Oil privatisation central to Mexico’s economic overhaul

Oil privatisation central to Mexico’s economic overhaul

In an act that was met with mixed views by its public, Mexico’s nationalised oil sector has been opened for private investment for the first time in 75 years.

In December 2013 Mexico’s congress passed a constitutional reform which allows the state-owned monopolist Petróleos Mexicanos (Pemex) to partner with foreign companies such as oil giants Exxon Mobil Corporation and Chevron Corporation.

Mexico’s lucrative oil industry was first nationalised in 1938 by President Lázaro Cárdenas, a leader hailed by many as the hero of the people. Cárdenas’ move to expropriate foreign companies from the oil industry has long been a source of Mexican pride and a symbol for resistance against imperialism and foreign exploitation. In the decades that have followed, the Mexican government has firmly safeguarded Pemex’s monopoly – until now.

In power for the first time since before Cárdenas’ revolutionary term, the Institutional Revolutionary Party (PRI), led by Peña Nieto, sent shock waves through Mexico with the momentous decision. Reversing the nationalisation of oil is said to be the cornerstone of Peña Nieto’s economic strategy and indeed of his presidency.

First proposed in August 2013, initially the bill opened the door for foreign investment into the sector yet maintained a tight grip on Mexican oil. The final result however which was announced on 7 December by PRI and the centre-right National Action Party (PAN) entailed a lot more than originally suggested.

The new bill allows production sharing contracts as well as profit-sharing contracts, the latter meaning that barrels of oil will be divided between the government and oil companies at a ratio to be decided. Production sharing licences are also permitted, and foreign companies now have the opportunity to take control of oil at the wellhead in return for paying taxes and royalties. These payments will be made directly into a newly created oil holding trust at the Mexican Central Bank.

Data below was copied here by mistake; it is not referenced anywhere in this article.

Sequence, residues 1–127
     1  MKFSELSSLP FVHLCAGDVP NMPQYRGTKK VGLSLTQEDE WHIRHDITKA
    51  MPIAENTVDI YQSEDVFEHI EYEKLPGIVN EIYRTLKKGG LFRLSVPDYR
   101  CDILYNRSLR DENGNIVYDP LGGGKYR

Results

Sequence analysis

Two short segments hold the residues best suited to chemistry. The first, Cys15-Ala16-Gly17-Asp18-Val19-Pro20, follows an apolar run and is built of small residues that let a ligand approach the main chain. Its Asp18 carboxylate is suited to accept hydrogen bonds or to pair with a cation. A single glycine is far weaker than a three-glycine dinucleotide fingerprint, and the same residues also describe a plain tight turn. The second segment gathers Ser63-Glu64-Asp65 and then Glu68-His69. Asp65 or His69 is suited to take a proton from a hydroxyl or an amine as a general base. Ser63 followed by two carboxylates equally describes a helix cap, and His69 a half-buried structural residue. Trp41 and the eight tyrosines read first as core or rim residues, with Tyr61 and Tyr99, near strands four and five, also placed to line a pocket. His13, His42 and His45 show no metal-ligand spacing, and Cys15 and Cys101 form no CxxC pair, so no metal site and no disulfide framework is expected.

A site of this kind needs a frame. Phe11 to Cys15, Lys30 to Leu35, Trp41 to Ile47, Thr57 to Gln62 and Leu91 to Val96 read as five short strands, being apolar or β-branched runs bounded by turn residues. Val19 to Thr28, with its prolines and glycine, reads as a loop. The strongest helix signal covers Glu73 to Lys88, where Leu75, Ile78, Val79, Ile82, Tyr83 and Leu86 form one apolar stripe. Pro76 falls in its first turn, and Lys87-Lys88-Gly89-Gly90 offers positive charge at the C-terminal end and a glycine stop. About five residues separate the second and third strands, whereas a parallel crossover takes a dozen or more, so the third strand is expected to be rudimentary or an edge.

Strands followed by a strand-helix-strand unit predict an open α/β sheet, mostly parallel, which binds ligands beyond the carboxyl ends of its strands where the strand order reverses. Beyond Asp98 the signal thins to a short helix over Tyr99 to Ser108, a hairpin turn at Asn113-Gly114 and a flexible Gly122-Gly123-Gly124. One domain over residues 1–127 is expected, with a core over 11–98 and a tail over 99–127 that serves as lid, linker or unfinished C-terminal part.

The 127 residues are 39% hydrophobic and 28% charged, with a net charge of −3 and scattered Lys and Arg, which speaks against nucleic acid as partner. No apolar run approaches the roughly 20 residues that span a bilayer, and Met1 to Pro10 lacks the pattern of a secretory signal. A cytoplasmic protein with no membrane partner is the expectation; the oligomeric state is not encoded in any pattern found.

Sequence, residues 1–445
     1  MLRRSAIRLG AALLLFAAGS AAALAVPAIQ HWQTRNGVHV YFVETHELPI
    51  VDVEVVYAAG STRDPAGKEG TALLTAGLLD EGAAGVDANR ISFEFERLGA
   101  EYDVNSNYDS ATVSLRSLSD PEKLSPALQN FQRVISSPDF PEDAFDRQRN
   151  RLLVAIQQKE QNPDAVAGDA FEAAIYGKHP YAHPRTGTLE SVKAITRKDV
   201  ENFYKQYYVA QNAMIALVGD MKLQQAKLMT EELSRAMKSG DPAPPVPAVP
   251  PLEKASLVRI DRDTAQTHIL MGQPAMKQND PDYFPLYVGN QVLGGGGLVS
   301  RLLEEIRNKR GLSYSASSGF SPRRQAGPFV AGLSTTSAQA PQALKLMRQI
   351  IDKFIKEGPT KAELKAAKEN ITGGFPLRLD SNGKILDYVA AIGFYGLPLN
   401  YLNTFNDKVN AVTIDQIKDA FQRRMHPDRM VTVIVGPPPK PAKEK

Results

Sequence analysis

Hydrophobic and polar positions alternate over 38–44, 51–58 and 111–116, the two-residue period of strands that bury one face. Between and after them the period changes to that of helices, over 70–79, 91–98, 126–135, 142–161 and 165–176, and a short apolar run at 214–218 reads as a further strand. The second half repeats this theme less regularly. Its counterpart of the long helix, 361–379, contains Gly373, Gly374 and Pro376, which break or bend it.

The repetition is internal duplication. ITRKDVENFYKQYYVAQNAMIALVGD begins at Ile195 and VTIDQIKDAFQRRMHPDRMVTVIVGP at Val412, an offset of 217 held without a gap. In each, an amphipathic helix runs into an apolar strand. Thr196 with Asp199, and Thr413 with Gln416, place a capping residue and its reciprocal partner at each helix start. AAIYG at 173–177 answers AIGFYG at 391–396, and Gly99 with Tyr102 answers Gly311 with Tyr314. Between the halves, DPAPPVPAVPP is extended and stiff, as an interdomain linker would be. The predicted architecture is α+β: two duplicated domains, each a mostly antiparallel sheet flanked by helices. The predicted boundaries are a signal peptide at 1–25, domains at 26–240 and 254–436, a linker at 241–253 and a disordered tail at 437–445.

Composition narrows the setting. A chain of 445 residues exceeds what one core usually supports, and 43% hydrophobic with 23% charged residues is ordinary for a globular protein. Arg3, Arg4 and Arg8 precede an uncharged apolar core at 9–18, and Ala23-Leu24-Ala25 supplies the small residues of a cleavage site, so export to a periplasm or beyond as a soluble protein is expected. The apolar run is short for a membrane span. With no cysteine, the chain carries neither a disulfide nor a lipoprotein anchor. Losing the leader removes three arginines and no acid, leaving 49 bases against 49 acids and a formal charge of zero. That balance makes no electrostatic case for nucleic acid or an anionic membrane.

Protests against privatising oil were led by Andrés Manuel López Obrador, former mayor of Mexico City, and by Cuauhtémoc Cárdenas, founder of the leftist Democratic Revolution Party (PRD) and grandson of the man responsible for nationalising oil in Mexico, President Cárdenas. In a bid to fight against the contentious bill, the PRD submitted a petition with 1.7 million signatures demanding a referendum on the grounds that the decision to privatize oil goes against the will of the people.

Despite being a $75 billion industry, Mexican oil profits have fallen drastically behind U.S. and Canadian counterparts. A lack of investment and technological development has severely stunted oil and gas exploration whilst Mexico’s output of oil continues to lag behind competitors. The oil refining industry has long suffered from inflated costs and a desperate need for modernization. Mexican refineries consume a shocking 42 percent more energy in comparison to international averages. Losses experienced by Pemex in 2013 are estimated at $10 billion.

With Pemex having less dependence on the Mexican government for funding, government resources can be freed up for other projects such as increased investment in social programmes, education and small and medium enterprises (SME). Much of the social infrastructure which can be linked to Mexico’s enduring war on drugs will also benefit, as will the employment pool through the creation of more jobs.

The enhanced output of oil will improve Mexico’s disappointing GDP growth, which rather than rising to Peña Nieto’s optimistic figure of 3.5 percent in 2013, was an estimated 1.8 percent. Despite criticism from leftists and prominent politicians, without a drastic change to the oil sector Mexico will continue to fall further behind other oil-producing countries. Not only will the benefits of oil profits not be realised, the state will continue to suffer from a fatal drain on its resources.

The Mexican economy is in desperate need of a radical overhaul, which seems to be the reasoning behind Peña Nieto’s controversial bill. Despite a veil of doubt over the future of oil resources in Mexico, the step toward privatisation is in the best interest of the economy and makes Mexico’s oil ripe for investment.

About Author

Elizabeth Matsangou

Elizabeth works as International Account Manager for an environmental technologies company and has previously worked for a political consultancy company in Westminster and for Intelligence Squared, a forum for live debates. She received a BA in Philosophy, Politics and Economics from the University of Essex and an MSc in International Relations from the London School of Economics.